The issue of unlisted assets was particularly relevant in this crisis as widespread lockdowns had a strong impact on property. Retail properties suffered as people avoided stores. Office buildings remained deserted for much of 2020 and people started to re-evaluate the purpose of offices and the way they were designed.
On the other hand, logistics real estate was given a boost as online shopping and home delivery services saw activity spike sharply.
The liquidity issues experienced during the pandemic resulted in calls for a more rigorous approach to liquidity management at an industry level and a potential role for regulation.
The news that a vaccine had been developed boosted market confidence and even supported value stocks, which had been out of favour for much of the previous decade. The announcement proved to be a catalyst for structural optimism about the end of the pandemic.
It has even started some investors worrying about the potential of rising inflation in the years to come. The word has been absent from financial parlance for most of the past 10 years, but pent-up demand for recreation and global travel might push prices quickly higher.
The question is whether all this optimism is misplaced or not. Yes, markets tend to look ahead and, yes, this crisis will also pass. But the underlying economic damage caused by the pandemic, particularly to small businesses, the retail industry and entertainment sectors, is vast and doesn’t seem to be reflected in market valuations.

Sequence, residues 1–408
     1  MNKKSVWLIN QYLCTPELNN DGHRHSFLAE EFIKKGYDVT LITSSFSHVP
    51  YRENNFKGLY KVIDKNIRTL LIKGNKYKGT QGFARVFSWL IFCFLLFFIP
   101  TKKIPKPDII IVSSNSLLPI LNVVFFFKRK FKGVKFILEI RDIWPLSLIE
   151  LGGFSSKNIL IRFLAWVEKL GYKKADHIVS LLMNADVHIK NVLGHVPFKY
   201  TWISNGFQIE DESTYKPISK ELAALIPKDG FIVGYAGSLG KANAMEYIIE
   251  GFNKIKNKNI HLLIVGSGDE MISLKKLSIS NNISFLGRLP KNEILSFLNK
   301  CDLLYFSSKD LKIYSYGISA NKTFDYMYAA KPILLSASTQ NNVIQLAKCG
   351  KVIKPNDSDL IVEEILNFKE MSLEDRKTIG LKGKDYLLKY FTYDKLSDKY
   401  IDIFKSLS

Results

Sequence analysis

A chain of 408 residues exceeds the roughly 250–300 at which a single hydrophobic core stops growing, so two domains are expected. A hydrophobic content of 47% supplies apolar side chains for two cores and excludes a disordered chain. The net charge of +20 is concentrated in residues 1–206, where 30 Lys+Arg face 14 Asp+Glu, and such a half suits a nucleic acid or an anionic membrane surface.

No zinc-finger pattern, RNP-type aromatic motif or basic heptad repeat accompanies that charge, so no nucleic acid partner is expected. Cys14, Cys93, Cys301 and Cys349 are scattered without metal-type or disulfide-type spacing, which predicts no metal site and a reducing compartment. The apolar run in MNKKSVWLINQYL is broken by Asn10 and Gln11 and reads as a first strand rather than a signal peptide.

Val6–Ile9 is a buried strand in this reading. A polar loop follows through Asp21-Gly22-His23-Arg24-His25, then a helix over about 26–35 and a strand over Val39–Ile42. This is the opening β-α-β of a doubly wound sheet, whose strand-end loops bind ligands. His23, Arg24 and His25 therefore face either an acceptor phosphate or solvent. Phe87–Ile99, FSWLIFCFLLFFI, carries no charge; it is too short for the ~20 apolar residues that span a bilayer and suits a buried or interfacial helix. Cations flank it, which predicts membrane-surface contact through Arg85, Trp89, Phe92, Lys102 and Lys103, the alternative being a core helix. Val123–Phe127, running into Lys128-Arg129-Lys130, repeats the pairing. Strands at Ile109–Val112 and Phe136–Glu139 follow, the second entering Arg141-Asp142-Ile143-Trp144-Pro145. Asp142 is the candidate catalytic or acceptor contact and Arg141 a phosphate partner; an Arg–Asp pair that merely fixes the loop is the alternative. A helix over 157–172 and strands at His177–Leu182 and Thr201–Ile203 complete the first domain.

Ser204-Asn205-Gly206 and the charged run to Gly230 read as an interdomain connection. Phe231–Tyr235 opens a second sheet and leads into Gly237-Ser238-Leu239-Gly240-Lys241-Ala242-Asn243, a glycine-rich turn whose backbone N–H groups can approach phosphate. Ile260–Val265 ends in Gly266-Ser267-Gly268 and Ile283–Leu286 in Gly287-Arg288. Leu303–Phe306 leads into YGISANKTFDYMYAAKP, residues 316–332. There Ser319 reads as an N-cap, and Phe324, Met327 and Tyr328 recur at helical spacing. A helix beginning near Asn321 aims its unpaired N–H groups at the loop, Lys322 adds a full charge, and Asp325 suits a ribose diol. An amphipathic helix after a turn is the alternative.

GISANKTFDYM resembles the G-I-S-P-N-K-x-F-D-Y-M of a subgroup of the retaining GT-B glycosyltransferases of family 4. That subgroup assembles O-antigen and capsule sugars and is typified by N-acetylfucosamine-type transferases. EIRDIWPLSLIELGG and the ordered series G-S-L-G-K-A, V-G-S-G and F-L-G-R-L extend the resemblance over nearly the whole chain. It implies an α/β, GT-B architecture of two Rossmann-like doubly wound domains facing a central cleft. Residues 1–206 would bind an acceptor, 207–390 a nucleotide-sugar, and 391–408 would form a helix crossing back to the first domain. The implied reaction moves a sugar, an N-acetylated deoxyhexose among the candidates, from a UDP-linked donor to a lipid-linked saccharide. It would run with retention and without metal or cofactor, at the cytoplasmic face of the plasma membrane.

Nevertheless, as vaccination programs gather steam and the likelihood of taming the coronavirus seems to increase every day, 2021 may be gearing up to be a much more positive year than the last, despite the fact we started the year with a near coup in the United States.
So what are some of the potential permanent changes we might see coming out of this pandemic?
One of the most dramatic changes centred on the use of technology as workplaces shut down and employees were forced to work from home. Everything went online: meetings, conferences, school, music lessons, even your Monday morning yoga class was now being conducted live and online.
Technological adoption made a leap forward in the space of a few months, which otherwise would have taken several years, Satya Nadella, Chief Executive Officer of Microsoft, wrote in a blog.
This change is likely to have implications for how we use office space, the ratio of people working, at least some days, from home and the value of cooperation.
It also has implications for how businesses think about supply chains, including their reliance on overseas manufacturers.
For institutional investors it might affect how they view unlisted assets, their past enthusiasm for large infrastructure projects and the way they think about volatility.
But what is certain is that investors will continue to come back to the past 12-month period for years to come, analysing the lessons learned from this bout of volatility. After all, much of the developed world has been lulled into a false sense of security post World War II, but if the pandemic has shown one thing, then it is that disruption and volatility are only just around the corner.
[i3] Insights is the official educational bulletin of the Investment Innovation Institute [i3]. It covers major trends and innovations in institutional investing, providing independent and thought-provoking content about pension funds, insurance companies and sovereign wealth funds across the globe.